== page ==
Stage directions are instructions in text for the actors to follow, such as, when to enter, exit, etc, and instructions for the stage crew to follow, such as, when to fade the light, close the curtain, etc, and all plays have stage directions in the script to some degree. 

Note: Stage directions are written from the actor’s perspective facing the audience, known as downstage.    

  1. Downstage: Facing the audience 
  2. Upstage: Rear-stage, behind actor 
  3. Stage Right: Right side of actor 
  4. Stage left: left of actor  

A few Functions of Stage Directions  

  1. Help actors situate themselves on stage 
  2. Where to set and stand 
  3. When exit and enter 
  4. How character behaves mentally 
  5. How character behave physically 
  6. Emotional tone 
  7. Lighting 
  8. Music and sound effects 
  9. Etc  

Stage Direction Abbreviations 

  1. C: Center 
  2. D: Downstage 
  3. DR: Downstage Right 
  4. DRC: Downstage Right Center 
  5. DC: Downstage Center 
  6. DLC: Downstage Left Center 
  7. DL: Downstage Left 
  8. R: Right 
  9. RC: Right Center 
  10. L: Left 
  11. LC: Left Center: 
  12. U: Upstage 
  13. UR: Upstage Right 
  14. URC: Upstage Right Center 
  15. UC: Upstage Center 
  16. ULC: Upstage Left Center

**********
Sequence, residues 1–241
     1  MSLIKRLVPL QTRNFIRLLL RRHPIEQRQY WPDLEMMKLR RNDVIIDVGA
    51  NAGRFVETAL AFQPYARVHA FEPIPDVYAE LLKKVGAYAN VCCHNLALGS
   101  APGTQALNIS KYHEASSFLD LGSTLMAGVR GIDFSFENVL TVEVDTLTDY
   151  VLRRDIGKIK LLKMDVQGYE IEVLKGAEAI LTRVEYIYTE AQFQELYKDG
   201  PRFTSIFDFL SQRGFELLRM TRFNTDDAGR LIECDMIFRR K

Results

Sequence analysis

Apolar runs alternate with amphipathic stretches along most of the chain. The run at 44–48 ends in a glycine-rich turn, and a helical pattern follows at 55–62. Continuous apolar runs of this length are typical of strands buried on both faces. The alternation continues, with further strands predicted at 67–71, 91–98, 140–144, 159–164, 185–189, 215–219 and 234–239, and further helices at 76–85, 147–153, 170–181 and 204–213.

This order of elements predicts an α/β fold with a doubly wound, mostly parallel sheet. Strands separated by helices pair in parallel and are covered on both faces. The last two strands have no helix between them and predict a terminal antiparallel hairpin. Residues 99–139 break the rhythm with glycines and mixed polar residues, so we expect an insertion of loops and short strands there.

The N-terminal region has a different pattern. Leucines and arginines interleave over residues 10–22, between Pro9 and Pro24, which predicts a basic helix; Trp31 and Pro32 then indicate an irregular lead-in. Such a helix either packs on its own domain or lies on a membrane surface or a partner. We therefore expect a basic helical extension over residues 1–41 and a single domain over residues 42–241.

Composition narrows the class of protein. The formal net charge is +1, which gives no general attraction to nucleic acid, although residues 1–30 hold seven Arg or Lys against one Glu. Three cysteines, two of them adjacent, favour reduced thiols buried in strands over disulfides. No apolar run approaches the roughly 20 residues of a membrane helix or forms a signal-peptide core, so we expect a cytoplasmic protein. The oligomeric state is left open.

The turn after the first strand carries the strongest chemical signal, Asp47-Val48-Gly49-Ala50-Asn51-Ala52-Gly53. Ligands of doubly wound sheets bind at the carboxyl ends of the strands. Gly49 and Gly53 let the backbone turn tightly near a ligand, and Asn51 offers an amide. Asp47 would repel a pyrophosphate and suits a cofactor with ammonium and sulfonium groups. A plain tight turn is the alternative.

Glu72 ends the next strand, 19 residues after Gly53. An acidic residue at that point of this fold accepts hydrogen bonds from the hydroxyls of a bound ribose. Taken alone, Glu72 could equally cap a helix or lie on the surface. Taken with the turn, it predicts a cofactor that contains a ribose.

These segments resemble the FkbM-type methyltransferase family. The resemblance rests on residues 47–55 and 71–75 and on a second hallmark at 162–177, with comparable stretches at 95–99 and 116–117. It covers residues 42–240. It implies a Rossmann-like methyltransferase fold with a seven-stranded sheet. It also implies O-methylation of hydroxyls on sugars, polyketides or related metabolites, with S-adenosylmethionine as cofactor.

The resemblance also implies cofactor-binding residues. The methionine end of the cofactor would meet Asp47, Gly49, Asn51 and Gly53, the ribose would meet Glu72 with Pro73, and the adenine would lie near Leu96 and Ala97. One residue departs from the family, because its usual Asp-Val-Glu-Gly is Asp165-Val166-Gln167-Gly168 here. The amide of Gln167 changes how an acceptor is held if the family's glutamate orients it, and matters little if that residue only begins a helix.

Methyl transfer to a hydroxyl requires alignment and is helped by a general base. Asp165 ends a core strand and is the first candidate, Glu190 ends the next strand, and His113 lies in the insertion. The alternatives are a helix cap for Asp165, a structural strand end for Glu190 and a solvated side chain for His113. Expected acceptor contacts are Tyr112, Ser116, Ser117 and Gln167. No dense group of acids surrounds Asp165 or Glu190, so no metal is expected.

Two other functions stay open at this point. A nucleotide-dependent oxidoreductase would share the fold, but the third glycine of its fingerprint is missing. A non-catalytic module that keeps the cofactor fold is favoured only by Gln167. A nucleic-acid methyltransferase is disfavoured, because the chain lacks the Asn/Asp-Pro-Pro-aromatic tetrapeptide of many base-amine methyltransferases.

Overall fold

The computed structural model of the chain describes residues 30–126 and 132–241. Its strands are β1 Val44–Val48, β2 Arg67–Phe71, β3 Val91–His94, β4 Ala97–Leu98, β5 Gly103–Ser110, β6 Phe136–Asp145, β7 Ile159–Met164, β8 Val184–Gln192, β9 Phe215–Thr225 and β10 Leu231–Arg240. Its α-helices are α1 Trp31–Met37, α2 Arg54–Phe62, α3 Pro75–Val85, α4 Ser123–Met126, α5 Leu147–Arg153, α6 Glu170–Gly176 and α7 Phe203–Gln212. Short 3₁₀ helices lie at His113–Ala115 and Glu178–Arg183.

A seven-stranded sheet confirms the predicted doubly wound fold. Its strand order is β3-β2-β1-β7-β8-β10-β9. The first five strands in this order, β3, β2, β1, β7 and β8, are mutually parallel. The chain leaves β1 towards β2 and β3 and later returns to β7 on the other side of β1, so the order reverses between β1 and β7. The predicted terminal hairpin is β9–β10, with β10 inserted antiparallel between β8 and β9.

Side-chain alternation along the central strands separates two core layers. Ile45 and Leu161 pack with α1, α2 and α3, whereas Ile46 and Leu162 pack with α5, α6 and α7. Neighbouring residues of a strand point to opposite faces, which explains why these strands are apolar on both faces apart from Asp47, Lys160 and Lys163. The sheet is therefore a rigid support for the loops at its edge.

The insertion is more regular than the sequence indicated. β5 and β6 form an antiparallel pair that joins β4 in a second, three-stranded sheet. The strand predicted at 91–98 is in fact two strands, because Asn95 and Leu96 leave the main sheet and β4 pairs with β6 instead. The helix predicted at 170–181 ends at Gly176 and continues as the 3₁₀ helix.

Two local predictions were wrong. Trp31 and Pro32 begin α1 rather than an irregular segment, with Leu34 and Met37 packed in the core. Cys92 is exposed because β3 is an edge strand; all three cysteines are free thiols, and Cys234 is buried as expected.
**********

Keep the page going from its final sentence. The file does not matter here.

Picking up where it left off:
17. UL: Upstage Left 

The Big Three  

  1. Playwright
  2. Producer 
  3. Director    

  The big three must work together to decide and outline the tasks to be performed by the actors and creative team and to set deadlines that are reasonable, and who is responsible for each task required for production of the play. 

Note: Have written agreements with each member of the creative Team, and each written agreement should outline duties they are expected to complete, so no one can point fingers and blame other people if something doesn’t get done by the deadline. 

Playwright  

  The playwright is the creator and owner of the work. The beauty of being the playwright is that no one can make changes to your script without the playwright’s permission, such as, no changes in dialogue, cut or add scenes, change beginnings or endings. The Playwright owns the copyright, by anyone copying the script or makes changes the Playwright can sue the other party in violation of copyright. 

Producer  

  The Producer is the person who brings the entire project together, in other words the producer is in charge of bringing the play from script to a live performance on stage. The Producer supervises the whole creative effort, and manages the business side of the play.